Four days ago, the prominent Jewish author, columnist and political commentator Peter Beinart was detained and interrogated at Israel’s Ben Gurion airport, and he reported in detail about the ordeal in the Forward. Prime Minister Netanyahu went into damage-control mode and called it an “administrative mistake”.
Beinart’s account prompted bestselling author on religion Reza Aslan, who came out with his story of border detention and interrogation by Israel, which occurred two weeks ago. He said Israel is “becoming a full-blown police state”. He reported how he was threatened: “If you don’t cooperate it will be a long time before you see your kids again”.
Already here, there is a significant pattern to be noticed, and although it might be early to predict such trends, I would say that this reminds me a lot of the MeToo movement.
Peter Beinart is one of those privileged Jews who could historically count on their privilege. And he was apparently poised to write his experience down and have it splashed all over the world if they but dared to touch him. He has the public clout, the credibility, to expose Israel in a very bad light, and Israel quickly realized it was messing things up for itself, PR-wise. But Reza Aslan, he was not inclined to do that, he was in a somewhat more vulnerable position, despite his prominence. He noted that the recent visit to Israel was his fourth in the past decade, and that the repeated interrogations have gotten worse. Somehow, he chose to live with it. There is a logic to this. Israel uses intimidation-terror, which causes those more vulnerable people who may want to enter in the future to watch out for what they say and do, because “we are watching you”. As Aslan reported:
In the end, after hours of this, she warned “I may let you into Israel but, who knows, I may not let you out. I will keep you here and kick out your family. It depends on you. You would miss your kids yes?” That my friends is the classic police state trick. Iran has perfected it. Her final warning was not to visit the Palestinian Territories. Not to meet with or speak to any Palestinians or any Israeli trouble makers. “We are watching you.”
People who know they are being watched tend to be careful, and they know that if they are too vocal in their condemnation of Big Brother, it may cost them. They tend to keep a low profile. There’s a risk calculation here.
Beinart’s report was a door-opener for Aslan and he wrote on Twitter, “Peter’s experience has spurred me to share mine. ” Aslan probably felt that this was the time to go for it, because there is momentum here, and it might actually mean something to come out of the ‘interrogation closet’ as it were. Aslan might also be aware that what he wrote may mean that he would be denied entry in the future. Aslan wrote openly that he defied the warning not to visit the Palestinian Territories, and posted a photo of the Ahed Tamimi mural in Bethlehem. In other words, he was openly declaring that he has defied Israeli warnings. He knows Israel monitors these things, and he’s basically declaring he doesn’t care.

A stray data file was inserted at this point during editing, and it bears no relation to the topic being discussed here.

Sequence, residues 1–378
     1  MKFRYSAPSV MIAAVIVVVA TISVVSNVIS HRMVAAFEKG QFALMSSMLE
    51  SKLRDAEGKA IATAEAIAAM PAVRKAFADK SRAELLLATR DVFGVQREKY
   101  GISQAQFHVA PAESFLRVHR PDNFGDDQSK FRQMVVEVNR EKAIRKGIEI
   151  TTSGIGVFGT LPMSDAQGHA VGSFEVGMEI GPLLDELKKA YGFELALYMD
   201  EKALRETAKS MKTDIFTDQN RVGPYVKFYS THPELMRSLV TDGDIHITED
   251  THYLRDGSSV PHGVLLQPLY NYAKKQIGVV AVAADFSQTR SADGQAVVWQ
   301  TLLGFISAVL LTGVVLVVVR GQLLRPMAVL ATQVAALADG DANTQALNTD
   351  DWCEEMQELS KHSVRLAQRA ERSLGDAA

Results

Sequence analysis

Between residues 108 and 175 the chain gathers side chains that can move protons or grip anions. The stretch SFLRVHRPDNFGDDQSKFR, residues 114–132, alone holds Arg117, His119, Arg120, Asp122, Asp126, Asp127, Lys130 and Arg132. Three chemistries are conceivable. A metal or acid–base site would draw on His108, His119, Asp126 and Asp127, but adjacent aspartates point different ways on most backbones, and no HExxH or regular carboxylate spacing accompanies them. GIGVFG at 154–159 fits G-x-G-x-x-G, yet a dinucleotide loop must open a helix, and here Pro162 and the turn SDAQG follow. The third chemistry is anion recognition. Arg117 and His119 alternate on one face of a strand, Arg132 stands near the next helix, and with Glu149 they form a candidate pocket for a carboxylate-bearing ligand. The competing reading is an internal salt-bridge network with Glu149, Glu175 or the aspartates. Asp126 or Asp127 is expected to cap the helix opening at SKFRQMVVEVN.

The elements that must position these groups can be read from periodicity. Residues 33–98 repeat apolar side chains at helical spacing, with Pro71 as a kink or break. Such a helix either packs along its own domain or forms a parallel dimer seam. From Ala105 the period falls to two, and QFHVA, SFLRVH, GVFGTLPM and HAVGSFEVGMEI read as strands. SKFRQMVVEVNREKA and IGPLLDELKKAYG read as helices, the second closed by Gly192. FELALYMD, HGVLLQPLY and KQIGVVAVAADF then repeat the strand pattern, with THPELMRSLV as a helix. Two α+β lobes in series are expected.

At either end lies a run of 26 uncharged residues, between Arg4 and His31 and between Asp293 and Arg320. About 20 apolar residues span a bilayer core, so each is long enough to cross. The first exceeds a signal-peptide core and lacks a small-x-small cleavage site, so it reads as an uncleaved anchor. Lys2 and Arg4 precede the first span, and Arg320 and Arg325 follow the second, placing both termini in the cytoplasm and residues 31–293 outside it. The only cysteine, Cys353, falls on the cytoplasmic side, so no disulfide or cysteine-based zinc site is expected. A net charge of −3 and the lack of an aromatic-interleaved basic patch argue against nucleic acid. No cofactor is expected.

The MeToo campaign has succeeded because of the critical mass of women coming out with stories which they felt a need to hide, because they felt that if they came out with them it would cost them and that they would be alone. But when more and more women came out with their stories, it became its own momentum, because other women felt that they were not alone, and they could see that it had the power to take down those who abused the power. There is this element of a critical mass, where people actually start to listen. It’s no longer a lone voice here, a single story there – it becomes a movement.
Such movements are not subject to the linear rules of international law, UN resolutions etc. They have their own power. It’s a grassroots power, very much like the BDS movement. It’s no longer the talk of ‘this is illegal’, but rather ‘this is outrageous’. Public condemnation has its own power. In the BDS context, campaigns will often be based upon a specific violation by a specific company. But with these border interrogations, people may come at it with a whole different perspective: they may simply start saying openly that that they would not visit Israel, and that they would boycott it wholly for its practices. Not that they would necessarily fear interrogation themselves, but that they would simply want nothing to do with that state for what it regularly does to others.
And it’s not like it’s a secret that Israel has been using these methods. Sadly, the Israeli interrogation and intimidation culture has been inflicted upon Palestinians forever, with little public outrage. Israel has managed to inculcate the ‘security’ notion and justify its ‘racial profiling’ under that notion, and many kept quiet. But now that it has increasingly been targeting Jews, and not only from abroad but even Israelis (see author Moriel Rothman-Zecher), the purpose of the interrogations can no longer fall under these alibis. They become exposed as an unabashed political censorship, befitting a police state.
It is already clear, that thick volumes could be written with stories like that of Aslan. It is a regular occurrence for so many who are not Jewish. And now they are increasingly coming after the Jewish dissidents. It’s not a completely new phenomena, but it appears to be increasing and we are hearing more stories about it. What is important is not just that the stories are told, but that people listen. And when Peter Beinart and Reza Aslan tell their stories, people tend to listen. Israel can only answer with pathetic Hasbara, that is so boilerplate, that many people just don’t hear it anymore.
P.S. After finishing this post I saw this tweet from the author Gershom Gorenberg. Seems I’m not the only one to have noticed this:
— Gershom Gorenberg (@GershomG) August 15, 2018